National Party transport spokesman Paul Goldsmith says the Auckland light rail project doesn’t stack up and is only being considered because of the Government’s confidence and supply agreement with the Green Party.
“It has been driven by the politicians,” Goldsmith says. “It’s hard to find anyone who thinks it makes sense, or that it is a sensible priority for such a large slice of our limited transport funds.”
He says a Treasury report has raised legitimate concerns over the Auckland light rail project.
“There’s no question that Treasury is right that constructing a slow tram down Dominion Road is going to be extremely disruptive to local businesses and have a significant impact on traffic congestion. And at the same time, costing billions of dollars more than alternative options that are available to the Government,” Goldsmith says.
And he says attempts by Transport Minister Phil Twyford to defer questions from www.interest.co.nz about the project’s procurement to the New Zealand Transport Agency (NZTA) is simply not good enough.
The Treasury report says a new in-depth business case for the project is vital and will need to spell out the strategic and economic basis for the project, as well as consider alternative options and a cost-benefit analysis of the preferred option.
The paper was written by David Taylor from Treasury’s National Infrastructure Unit and also highlights the delays and cost blow-outs experienced with a similar project in the UK.
It refers to a light rail project in Edinburgh that was beset with major delays and budget blow outs and eventually took six years to build and cost more than twice the initial estimates.
“Given the size of the project, the fiscal risks and the build and operational challenges, we consider a strong examination of the implementation choices is essential.
“A well-developed business plan provides assurance that the project will not end up in failure. Business cases have been put together by Auckland Transport, but we consider that these should be updated to reflect a new procurer (NZTA); and the Government’s broader urban development objectives.
“This is one of the biggest projects New Zealand has seen and extremely complex, given that it is to be built through the middle of some of the busiest streets in Auckland. It entails digging up the streets to a considerable depth, causing major disruptions to traffic and to businesses,” the Treasury report says.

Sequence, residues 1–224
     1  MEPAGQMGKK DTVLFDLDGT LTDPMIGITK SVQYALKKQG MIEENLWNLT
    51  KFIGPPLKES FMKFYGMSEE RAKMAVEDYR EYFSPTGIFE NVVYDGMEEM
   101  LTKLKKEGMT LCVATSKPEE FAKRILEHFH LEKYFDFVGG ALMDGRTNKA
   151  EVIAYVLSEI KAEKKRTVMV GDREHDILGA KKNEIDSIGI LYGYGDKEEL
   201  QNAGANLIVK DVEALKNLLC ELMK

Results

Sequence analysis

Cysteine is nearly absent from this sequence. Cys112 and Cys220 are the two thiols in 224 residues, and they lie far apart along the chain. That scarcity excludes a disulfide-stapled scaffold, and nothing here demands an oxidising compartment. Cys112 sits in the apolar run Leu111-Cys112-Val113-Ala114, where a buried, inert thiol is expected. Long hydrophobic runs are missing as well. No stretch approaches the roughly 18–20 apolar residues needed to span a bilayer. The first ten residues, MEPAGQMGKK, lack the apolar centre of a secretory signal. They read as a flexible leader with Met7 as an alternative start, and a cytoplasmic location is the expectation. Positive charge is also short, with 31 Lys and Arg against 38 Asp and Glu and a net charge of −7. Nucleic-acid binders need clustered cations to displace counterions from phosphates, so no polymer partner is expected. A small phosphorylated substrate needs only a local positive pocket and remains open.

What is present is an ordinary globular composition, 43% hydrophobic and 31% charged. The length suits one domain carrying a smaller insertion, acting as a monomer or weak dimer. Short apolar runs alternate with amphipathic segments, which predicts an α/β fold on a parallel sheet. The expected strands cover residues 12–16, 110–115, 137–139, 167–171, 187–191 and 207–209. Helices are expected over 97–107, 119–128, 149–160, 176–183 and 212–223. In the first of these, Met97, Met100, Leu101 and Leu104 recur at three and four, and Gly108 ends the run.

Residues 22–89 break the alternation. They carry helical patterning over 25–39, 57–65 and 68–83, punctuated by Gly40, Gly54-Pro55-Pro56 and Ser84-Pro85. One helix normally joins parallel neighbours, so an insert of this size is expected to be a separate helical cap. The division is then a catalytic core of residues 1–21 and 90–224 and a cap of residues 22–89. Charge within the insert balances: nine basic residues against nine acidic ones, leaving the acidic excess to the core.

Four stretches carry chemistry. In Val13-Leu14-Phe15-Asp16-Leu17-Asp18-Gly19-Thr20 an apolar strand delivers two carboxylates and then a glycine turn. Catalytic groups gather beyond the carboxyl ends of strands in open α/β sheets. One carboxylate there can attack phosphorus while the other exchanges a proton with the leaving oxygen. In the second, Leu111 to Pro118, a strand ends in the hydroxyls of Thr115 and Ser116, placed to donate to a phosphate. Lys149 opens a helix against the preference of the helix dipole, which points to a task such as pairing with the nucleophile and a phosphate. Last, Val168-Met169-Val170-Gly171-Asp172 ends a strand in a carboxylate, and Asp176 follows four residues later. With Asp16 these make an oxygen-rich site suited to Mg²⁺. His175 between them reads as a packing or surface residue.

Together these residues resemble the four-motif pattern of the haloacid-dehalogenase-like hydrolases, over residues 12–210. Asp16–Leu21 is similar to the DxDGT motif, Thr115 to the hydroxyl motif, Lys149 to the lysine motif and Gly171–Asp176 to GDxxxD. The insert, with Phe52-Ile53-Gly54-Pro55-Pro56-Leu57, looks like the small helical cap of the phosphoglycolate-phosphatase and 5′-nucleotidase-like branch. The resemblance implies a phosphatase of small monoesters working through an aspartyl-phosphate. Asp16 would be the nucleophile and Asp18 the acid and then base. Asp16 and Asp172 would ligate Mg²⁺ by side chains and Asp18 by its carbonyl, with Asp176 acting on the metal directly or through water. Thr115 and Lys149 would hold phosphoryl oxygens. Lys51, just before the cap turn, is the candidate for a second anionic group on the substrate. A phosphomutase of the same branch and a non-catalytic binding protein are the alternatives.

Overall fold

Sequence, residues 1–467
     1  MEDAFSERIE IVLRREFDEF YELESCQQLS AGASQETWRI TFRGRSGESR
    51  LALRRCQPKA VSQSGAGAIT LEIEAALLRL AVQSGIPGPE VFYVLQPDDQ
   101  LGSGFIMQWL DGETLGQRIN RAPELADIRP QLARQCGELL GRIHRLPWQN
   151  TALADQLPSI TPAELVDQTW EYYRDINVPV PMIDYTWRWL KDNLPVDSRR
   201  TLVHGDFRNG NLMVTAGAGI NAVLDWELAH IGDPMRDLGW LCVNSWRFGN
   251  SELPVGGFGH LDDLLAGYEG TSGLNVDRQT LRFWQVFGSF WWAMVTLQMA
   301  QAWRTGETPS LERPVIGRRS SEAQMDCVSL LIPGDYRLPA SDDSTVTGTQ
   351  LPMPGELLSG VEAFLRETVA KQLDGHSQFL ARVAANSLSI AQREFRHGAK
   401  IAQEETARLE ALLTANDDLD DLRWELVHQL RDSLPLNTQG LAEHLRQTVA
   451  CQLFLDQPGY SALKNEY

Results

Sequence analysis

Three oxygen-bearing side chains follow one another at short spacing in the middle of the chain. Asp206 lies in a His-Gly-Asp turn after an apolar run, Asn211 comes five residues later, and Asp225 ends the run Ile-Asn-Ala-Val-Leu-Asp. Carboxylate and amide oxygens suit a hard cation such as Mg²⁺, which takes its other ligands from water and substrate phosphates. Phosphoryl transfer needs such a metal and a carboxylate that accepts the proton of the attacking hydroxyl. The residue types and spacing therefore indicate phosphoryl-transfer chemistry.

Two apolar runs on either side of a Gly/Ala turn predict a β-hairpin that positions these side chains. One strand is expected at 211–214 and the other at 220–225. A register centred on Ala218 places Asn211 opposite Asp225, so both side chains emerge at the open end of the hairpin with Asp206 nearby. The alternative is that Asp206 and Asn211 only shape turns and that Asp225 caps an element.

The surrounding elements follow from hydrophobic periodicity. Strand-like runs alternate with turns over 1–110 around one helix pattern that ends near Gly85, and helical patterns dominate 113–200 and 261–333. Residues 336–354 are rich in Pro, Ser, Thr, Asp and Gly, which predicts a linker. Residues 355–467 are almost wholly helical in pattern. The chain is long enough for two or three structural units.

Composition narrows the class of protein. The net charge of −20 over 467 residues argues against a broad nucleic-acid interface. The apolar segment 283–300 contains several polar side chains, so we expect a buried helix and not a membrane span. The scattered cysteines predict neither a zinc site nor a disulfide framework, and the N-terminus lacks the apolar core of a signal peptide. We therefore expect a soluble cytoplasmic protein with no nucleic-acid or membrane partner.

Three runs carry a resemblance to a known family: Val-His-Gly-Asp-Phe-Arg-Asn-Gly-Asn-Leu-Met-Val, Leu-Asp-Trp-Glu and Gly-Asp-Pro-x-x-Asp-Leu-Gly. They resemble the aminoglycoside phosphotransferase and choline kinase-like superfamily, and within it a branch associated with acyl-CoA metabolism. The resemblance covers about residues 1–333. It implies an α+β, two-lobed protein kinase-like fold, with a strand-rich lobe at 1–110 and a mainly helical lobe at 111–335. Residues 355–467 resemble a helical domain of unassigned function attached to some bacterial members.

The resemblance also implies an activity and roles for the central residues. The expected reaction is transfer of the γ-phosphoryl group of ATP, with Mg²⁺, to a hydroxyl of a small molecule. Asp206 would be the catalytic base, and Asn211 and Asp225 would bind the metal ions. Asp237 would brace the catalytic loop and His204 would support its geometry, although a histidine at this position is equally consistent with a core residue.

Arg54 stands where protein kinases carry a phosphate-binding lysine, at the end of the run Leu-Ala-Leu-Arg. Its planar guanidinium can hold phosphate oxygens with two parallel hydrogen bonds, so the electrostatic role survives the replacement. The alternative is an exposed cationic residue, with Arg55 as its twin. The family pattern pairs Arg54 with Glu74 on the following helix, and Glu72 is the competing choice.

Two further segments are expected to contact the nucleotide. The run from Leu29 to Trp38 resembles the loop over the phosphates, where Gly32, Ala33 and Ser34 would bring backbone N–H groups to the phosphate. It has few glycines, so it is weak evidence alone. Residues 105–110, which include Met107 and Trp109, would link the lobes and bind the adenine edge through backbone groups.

And while Goldsmith says he’s also keen to see the business case himself it could take time. Last week www.interest.co.nz reported that the business case for the project was supposed to be delivered at the end of last year. But according to NZTA, which is leading the project, it’s still a work in progress.
Transport Minister Phil Twyford has estimated that the Auckland project will cost about $6 billion, making it the biggest transport project in New Zealand history.
It will see two light rail lines established in Auckland. One leading from downtown Auckland out to the airport at Mangere, while a second line will run from the central city along State Highway 16 to Kumeu/Huapai.
Announcing the procurement process last May, Twyford said the Government was committed to progressing light rail in Auckland.
"It will be a magnet for private investment in urban renewal and will be able to carry 11,000 commuters per hour – the equivalent of four lanes of motorway,” Twyford said. “We are investigating innovative solutions to tackle congestion and build a vibrant and modern city.”
The NZTA is leading the development of the Auckland light rail programme with the support of partners, Auckland Council, Auckland Transport (AT) and HLC, a wholly owned development subsidiary of Housing NZ. A spokesperson for Transport Minister Phil Twyford confirmed that he hadn’t received the business case for the Auckland light rail project.